The NSW government will plant kelp forests and install hundreds of living sea walls across Sydney Harbour in a bid to repair damage caused by decades of rapid urbanisation.
NSW environment minister James Griffin said the initiative will boost biodiversity and improve water quality and carbon storage.
Marine ecologist and co-lead of the project, Katie Dafforn, said the living sea walls are made from 3D print moulds cast with concrete and placed on to existing sea walls.
Dr Dafforn said the concrete slabs are designed in ways that make it easy for marine life to attach on and include “all sorts of habitat features”.
Aaron Eger, program director at the Kelp Forest Alliance, said harbour infrastructure is often smooth or featureless, making it difficult for small surface-dwelling organisms to take hold.
“You can think of trying to walk on ice – it’s very slippery,” he said.
“The idea behind a living seawall is to add texture and shape and form … to support easier attachment for barnacles and mussels, and that in itself would bring in additional life.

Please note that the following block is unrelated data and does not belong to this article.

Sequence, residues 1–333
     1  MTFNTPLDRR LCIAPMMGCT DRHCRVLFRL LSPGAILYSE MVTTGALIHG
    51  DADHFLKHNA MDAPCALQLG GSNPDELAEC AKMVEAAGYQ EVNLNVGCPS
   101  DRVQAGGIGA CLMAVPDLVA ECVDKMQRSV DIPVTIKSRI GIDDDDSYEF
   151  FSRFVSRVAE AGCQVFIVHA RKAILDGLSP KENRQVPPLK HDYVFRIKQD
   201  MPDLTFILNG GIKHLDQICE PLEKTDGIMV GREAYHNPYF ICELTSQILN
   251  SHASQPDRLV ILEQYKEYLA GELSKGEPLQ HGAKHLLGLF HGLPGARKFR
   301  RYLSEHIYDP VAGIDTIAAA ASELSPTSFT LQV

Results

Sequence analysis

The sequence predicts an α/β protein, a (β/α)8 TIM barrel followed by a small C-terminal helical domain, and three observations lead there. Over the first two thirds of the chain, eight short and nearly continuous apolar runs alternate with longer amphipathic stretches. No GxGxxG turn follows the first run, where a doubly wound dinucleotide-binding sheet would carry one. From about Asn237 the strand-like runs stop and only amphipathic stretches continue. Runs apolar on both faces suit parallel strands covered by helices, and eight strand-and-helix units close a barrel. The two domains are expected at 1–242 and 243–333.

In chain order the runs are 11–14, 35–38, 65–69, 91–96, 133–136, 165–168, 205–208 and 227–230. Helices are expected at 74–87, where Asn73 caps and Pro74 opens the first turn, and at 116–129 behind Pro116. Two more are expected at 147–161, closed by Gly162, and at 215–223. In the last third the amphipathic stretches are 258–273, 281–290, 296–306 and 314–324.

“That can create habitat, places for animals to hide or to grow and be protected.”
This isn’t 3D printed concrete, but it’s 3D printing and concrete. Most importantly, it is a unique and interesting use of 3D concrete forms. I hadn’t previously considered marine applications of organic concrete forms. Another notable aspect of this story is the example of artificial structures made to be host to living organisms. l saw this concept in play in a different example with plants integrated into structures. Here, they specifically take advantage of concretes texture to make a more suitable home for marine life. Are there other contexts in which the surface texture of 3D-printed concrete could be advantageous?